If we want to grow the glute med we should look at the action of the muscle moving from origin to insertion, putting tension across the muscle fibres, the standing glute med kicks back is always the go-to if you have a cable machine, bands can be used as a secondary choice.

However, if we want to stabilise the pelvis we need to challenge the pelvic stabilisers with their ability to resist force.


One thing that really needs to be put to bed, Sumo deadlifts are not good for glute hypertrophy.

Here’s why – The glute max, as we have touched on is primarily a sagittal hip extensor meaning it pushes the hip from back to front, when we take our legs away from midline we will then decrease the amount of leverage and mechanical tension the glutes have to extend the hip. In order to train a muscle effectively for muscle hypertrophy, we want to create mechanical tension, this is how great a range of motion you can take that muscle through, from a fully lengthened to shortened position, when we are in the sumo stance the glute is effectively starting from a shortened position and finishing in a shortened position, so this why we will call on more of the adductors to extend the hip.

The feeling you get when you think you’re training your glutes is more than likely your deep hip rotators, not your glutes.

So narrow stance for the win, hip-width is usually a good place to start.


Total volume is calculated by the total number of sets per week, per muscle group, this will depend on your training level and training age. The more advanced you are the more sets and reps you should do each week for that muscle group.

Beginners 10-15 sets per week
Intermediate 16-23 sets per week
Advanced 24-28+ sets per week

Intensity refers to the number of reps from the percentage of your 1 rep max, Studies suggest that for hypertrophy the anywhere between 30-80 even 90% there isn’t much difference when performing to failure.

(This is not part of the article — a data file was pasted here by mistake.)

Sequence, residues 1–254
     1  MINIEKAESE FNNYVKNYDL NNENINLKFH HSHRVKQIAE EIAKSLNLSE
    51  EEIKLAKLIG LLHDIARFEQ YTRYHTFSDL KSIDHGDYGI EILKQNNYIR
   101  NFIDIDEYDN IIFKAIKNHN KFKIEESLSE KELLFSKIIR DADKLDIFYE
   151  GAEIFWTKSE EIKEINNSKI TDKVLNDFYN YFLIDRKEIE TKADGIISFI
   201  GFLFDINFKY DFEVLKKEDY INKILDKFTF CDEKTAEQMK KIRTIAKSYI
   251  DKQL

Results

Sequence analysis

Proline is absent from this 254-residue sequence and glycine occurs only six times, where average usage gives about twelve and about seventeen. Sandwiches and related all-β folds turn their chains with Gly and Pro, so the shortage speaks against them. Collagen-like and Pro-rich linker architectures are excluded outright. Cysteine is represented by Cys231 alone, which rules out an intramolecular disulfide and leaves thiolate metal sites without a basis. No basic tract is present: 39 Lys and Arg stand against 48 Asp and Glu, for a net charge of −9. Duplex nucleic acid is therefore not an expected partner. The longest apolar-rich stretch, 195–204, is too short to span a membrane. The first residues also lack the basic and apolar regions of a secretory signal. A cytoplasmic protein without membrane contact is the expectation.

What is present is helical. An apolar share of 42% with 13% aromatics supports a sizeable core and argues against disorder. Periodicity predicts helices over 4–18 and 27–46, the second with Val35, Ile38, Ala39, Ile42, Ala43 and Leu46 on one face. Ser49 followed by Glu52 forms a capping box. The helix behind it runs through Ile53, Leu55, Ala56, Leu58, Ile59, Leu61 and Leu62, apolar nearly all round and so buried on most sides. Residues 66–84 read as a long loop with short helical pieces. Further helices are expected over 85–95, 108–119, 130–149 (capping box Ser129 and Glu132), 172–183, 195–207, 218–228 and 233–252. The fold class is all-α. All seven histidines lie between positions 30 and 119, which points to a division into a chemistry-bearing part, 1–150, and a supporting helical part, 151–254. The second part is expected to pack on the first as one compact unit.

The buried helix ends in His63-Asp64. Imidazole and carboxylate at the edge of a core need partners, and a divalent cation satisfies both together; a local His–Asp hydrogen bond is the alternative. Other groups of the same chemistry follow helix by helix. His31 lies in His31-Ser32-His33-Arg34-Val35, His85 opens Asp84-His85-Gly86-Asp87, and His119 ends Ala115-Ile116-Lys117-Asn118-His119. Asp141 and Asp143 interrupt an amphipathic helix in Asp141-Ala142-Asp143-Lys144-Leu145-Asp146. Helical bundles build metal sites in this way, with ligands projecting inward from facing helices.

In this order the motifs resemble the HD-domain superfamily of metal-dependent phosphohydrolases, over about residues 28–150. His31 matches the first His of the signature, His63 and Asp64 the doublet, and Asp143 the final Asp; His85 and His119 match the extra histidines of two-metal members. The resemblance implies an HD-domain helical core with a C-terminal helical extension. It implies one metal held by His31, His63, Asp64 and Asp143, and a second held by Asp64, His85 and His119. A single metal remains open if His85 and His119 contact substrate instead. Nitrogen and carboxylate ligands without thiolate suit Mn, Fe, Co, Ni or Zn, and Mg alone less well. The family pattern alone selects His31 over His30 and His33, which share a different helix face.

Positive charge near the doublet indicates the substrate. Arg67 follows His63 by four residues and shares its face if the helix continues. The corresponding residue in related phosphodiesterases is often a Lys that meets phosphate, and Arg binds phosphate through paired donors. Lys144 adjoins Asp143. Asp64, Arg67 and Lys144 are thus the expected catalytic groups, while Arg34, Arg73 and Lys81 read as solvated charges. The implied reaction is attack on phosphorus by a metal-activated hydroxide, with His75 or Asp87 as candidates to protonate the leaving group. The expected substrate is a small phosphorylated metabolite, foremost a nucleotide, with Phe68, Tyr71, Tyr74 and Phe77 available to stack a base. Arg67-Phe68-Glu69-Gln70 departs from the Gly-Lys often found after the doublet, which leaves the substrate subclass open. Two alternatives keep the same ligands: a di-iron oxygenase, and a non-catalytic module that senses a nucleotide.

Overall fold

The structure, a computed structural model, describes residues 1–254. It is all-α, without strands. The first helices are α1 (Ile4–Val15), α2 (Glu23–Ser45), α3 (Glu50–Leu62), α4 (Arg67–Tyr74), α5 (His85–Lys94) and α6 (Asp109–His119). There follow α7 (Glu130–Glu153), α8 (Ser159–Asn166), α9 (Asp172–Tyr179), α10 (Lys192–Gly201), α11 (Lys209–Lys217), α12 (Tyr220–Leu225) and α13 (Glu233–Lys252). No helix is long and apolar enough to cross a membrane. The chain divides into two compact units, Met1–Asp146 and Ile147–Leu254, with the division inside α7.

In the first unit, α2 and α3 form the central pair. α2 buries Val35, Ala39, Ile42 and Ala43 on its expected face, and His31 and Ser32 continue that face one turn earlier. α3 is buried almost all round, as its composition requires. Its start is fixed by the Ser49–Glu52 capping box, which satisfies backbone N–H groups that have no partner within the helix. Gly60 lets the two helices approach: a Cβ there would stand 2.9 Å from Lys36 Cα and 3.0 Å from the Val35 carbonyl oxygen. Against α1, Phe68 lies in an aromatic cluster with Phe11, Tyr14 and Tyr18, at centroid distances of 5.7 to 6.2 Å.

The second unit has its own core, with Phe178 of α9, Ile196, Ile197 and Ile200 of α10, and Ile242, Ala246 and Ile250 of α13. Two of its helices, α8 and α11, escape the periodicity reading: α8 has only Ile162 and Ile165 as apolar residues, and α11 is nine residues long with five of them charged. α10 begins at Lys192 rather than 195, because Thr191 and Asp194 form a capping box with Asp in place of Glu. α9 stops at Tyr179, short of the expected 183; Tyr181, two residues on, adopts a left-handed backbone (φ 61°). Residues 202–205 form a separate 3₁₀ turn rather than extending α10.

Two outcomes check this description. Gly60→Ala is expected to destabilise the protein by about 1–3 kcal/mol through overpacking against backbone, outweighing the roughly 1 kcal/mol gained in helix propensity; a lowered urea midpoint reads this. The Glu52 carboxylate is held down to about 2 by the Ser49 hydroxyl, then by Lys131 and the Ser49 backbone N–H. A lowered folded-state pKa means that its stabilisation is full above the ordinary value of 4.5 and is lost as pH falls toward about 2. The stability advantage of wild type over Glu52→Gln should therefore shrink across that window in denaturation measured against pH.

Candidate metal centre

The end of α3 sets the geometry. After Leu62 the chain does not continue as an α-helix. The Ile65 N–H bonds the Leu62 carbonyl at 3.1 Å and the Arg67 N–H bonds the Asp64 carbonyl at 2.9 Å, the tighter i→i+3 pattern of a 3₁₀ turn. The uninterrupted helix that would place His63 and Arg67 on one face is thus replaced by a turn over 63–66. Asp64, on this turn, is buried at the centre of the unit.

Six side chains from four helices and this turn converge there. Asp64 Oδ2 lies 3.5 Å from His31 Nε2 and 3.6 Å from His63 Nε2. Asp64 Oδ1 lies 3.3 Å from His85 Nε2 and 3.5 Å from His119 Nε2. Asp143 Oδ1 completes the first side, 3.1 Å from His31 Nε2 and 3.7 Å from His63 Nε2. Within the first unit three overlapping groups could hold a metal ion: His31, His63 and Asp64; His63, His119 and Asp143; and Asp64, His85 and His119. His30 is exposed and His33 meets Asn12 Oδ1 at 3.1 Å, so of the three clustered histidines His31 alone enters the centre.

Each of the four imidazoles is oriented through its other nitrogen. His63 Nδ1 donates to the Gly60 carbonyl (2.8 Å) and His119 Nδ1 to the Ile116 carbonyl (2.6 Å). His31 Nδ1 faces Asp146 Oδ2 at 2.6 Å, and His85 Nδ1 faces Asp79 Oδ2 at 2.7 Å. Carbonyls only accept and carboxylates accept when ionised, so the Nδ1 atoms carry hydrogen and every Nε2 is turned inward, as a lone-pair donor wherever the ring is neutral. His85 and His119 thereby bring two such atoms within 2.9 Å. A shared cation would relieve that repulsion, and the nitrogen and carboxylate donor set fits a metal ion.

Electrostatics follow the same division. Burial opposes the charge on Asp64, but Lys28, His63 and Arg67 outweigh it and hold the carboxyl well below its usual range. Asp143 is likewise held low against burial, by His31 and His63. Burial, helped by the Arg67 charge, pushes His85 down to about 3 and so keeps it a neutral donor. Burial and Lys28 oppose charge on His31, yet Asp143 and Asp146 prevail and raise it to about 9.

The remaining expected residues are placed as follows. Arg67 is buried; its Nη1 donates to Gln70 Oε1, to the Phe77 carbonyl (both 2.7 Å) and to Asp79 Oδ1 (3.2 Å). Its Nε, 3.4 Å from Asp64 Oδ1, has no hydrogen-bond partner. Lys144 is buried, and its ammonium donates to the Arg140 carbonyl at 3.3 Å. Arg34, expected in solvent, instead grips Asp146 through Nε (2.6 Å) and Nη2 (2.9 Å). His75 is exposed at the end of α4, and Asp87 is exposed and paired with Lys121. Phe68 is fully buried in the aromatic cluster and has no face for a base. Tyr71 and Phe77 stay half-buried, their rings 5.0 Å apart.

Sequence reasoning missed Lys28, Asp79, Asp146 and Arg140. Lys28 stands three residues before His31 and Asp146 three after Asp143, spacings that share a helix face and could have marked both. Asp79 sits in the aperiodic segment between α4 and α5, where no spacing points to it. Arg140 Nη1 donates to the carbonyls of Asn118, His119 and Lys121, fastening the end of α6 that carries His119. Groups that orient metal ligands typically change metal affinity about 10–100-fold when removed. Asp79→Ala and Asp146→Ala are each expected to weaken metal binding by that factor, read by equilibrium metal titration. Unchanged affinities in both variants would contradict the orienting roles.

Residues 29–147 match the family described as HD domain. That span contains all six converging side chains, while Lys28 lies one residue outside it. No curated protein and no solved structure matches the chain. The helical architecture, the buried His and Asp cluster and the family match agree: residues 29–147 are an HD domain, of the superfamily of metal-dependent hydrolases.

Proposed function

Now with our glutes being predominantly slow twitch, this means that working with slightly lower percentages and higher rep ranges and with women being slightly more slow-twitch than men they tend to do better with higher reps.

But I suggest for compound movements such as deadlifts and squats between 70-85% and more isolation or single-limb movements around about 60-70% would be optimal for most when going to or close to failure.

Frequency is similar to training Volume, Beginners need more rest than advanced lifters. So the more experienced you are the more you can train that muscle through the week.

Beginners 1-2 times per week
Intermediate 2-3.times per week
Advanced 4+ times per week


“Have you ever seen a sprinter with small glutes?“ Dr Jordan Shallow

The answer is no because the glutes move your pelvis from back to front, something sprinters are very good at. Side note, id only suggest all-out sprints for intermediate or advanced lifters as they tend to have better hip stability in order for the glutes to do their thing.

Stick to these guidelines you should see some pretty good booty gains.


Example sessions

BEGINNERS – repeat and increase weights for 6 weeks, resting 3-4 days between sessions.

Glute bridges Romanian Deadlifts

INTERMEDIATE – repeat for 6 weeks increasing weights resting 2 days between sessions

Working set = not including warm-up sets
+ (plus) = to failure but load should be around the reps scheme stated.

ADVANCED  – repeat for 6 weeks increasing weights resting 1 day between sessions

Working set = not including warm-up sets

+ (plus) = to failure but load should be around the reps scheme stated.

Shipping & Delivery Times

3-5 days for UK
12-16 days USA & rest of the world